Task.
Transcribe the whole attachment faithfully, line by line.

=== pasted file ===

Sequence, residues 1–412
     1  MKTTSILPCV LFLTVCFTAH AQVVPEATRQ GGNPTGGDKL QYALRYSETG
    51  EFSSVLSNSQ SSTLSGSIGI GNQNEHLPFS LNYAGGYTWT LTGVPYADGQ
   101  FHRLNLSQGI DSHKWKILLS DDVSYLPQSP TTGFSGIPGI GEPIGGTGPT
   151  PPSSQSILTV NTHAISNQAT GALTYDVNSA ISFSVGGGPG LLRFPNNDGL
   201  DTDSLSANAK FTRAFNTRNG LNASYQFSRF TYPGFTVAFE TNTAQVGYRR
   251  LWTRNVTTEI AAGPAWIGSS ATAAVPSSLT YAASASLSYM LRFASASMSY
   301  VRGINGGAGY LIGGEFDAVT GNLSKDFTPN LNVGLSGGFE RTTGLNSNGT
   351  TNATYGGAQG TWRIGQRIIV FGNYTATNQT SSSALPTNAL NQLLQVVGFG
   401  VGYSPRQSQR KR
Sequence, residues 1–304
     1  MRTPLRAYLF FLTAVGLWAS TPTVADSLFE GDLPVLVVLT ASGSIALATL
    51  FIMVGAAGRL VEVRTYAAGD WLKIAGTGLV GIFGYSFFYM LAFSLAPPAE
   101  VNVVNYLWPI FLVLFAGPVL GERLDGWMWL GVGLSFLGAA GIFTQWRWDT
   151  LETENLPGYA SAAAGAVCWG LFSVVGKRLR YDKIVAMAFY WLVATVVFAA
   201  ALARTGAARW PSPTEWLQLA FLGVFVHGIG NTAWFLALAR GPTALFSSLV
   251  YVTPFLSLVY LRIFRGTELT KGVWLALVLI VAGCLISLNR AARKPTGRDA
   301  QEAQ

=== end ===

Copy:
Sequence, residues 1–412
     1  MKTTSILPCV LFLTVCFTAH AQVVPEATRQ GGNPTGGDKL QYALRYSETG
    51  EFSSVLSNSQ SSTLSGSIGI GNQNEHLPFS LNYAGGYTWT LTGVPYADGQ
   101  FHRLNLSQGI DSHKWKILLS DDVSYLPQSP TTGFSGIPGI GEPIGGTGPT
   151  PPSSQSILTV NTHAISNQAT GALTYDVNSA ISFSVGGGPG LLRFPNNDGL
   201  DTDSLSANAK FTRAFNTRNG LNASYQFSRF TYPGFTVAFE TNTAQVGYRR
   251  LWTRNVTTEI AAGPAWIGSS ATAAVPSSLT YAASASLSYM LRFASASMSY
   301  VRGINGGAGY LIGGEFDAVT GNLSKDFTPN LNVGLSGGFE RTTGLNSNGT
   351  TNATYGGAQG TWRIGQRIIV FGNYTATNQT SSSALPTNAL NQLLQVVGFG
   401  VGYSPRQSQR KR
Sequence, residues 1–304
     1  MRTPLRAYLF FLTAVGLWAS TPTVADSLFE GDLPVLVVLT ASGSIALATL
    51  FIMVGAAGRL VEVRTYAAGD WLKIAGTGLV GIFGYSFFYM LAFSLAPPAE
   101  VNVVNYLWPI FLVLFAGPVL GERLDGWMWL GVGLSFLGAA GIFTQWRWDT
   151  LETENLPGYA SAAAGAVCWG LFSVVGKRLR YDKIVAMAFY WLVATVVFAA
   201  ALARTGAARW PSPTEWLQLA FLGVFVHGIG NTAWFLALAR GPTALFSSLV
   251  YVTPFLSLVY LRIFRGTELT KGVWLALVLI VAGCLISLNR AARKPTGRDA
   301  QEAQ